This was the third year in a row of very low rainfall in Southern California and as a result its beaches experienced less urban runoff, which likely led to the improvement of overall grades, the report said.

For the full report, click here.

(2014 CBS Local Media, a division of CBS Radio Inc. All Rights Reserved. This material may not be published, broadcast, rewritten, or redistributed. Wire services contributed to this report.)

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Heal The Bay: LA County Beaches Lead State In Poor Water Quality

Nike Roshe Run Liberty Collection Review Unboxing
This is our first review video. Couple's Therapy features Nike Roshe Run Liberty Collection Summer 2014 Collection. NIKE X LIBERTY COLLECTION:…

By: Couples Therapy

Nike Roshe Run Liberty Collection Review Unboxing – Video

Number of Cornish beaches with Blue Flag status falls 80 per cent on 2013 Cornwall Council has decided not to pay for the 820 inspections this year Businesses in Falmouth and St Ives are concerned tourists will stay away

By Travelmail Reporter

Published: 07:45 EST, 21 May 2014 | Updated: 09:21 EST, 21 May 2014

Towns and holiday attractions in Cornwall are worried that tourists will stay away this summer after the number of Blue Flag beaches in the country plummeted to just one.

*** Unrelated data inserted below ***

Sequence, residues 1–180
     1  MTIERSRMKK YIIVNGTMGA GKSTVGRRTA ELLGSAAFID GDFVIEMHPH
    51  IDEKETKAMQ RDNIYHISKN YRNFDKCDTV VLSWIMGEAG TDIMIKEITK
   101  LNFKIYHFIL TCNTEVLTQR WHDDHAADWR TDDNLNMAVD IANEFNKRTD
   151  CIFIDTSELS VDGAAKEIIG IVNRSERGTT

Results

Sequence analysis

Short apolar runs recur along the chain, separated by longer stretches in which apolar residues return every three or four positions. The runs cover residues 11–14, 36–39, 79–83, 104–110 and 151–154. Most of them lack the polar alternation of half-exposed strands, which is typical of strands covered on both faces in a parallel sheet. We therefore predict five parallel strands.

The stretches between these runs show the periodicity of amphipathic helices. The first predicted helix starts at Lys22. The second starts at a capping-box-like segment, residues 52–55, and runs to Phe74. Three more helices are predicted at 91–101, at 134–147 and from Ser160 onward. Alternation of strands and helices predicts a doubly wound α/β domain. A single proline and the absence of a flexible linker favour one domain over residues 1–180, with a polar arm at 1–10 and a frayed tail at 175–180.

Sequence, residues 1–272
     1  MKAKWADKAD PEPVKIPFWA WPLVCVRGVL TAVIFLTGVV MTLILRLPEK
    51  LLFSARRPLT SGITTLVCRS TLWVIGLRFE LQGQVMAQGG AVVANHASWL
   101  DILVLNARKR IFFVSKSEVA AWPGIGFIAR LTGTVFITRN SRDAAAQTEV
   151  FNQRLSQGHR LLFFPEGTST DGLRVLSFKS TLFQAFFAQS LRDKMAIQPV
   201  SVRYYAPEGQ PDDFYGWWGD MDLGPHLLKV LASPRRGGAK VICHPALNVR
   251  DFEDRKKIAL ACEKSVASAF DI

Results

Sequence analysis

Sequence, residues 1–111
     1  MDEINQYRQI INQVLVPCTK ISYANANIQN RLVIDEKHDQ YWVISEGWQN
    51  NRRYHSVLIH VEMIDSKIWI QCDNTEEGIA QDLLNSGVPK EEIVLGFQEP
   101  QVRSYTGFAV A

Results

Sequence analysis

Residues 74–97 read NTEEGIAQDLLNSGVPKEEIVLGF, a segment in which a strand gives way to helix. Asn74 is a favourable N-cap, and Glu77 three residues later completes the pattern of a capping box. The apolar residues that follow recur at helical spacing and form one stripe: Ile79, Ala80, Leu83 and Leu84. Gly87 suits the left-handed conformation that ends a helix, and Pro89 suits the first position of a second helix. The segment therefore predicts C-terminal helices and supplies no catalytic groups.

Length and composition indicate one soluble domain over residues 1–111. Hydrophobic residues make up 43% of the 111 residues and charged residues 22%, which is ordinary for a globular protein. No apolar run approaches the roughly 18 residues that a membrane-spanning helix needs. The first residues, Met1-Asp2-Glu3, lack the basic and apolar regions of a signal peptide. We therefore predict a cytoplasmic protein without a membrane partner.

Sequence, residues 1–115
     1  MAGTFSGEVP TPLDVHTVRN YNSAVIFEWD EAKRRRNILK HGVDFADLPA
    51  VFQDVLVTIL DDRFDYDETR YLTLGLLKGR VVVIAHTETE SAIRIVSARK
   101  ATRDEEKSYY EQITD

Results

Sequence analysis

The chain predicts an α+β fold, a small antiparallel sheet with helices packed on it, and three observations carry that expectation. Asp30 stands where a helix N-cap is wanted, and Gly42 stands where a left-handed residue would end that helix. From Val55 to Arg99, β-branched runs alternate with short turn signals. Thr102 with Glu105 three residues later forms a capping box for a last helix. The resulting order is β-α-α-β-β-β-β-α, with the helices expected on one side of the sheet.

In the sun: Porthmeor Beach, near St Ives, will not be able to boast Blue Flag status this summer

This is a drop of 80 per cent on 2013. Last year, five coastal strips in the region flew the prestigious marker of quality and cleanliness, and there are fears among those who rely on tourism from their income that potential visitors will be put off by the news.

Only Carbis Bay a privately owned beach on the north coast of the Cornish peninsula, near St Ives will have Blue Flag status this year after Cornwall Council decided not to involve itself in the application process, arguing that it is too costly.

Beaches keen to boast the Blue Flag stamp of approval have to apply each year and pay for the privilege. It costs 820 for an inspection to deem whether a beach is up to scratch.

A statement from Cornwall Council has defended its stance on the matter.

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Blue Flag beaches in Cornwall reduced in number by 80 per cent, prompting tourism fears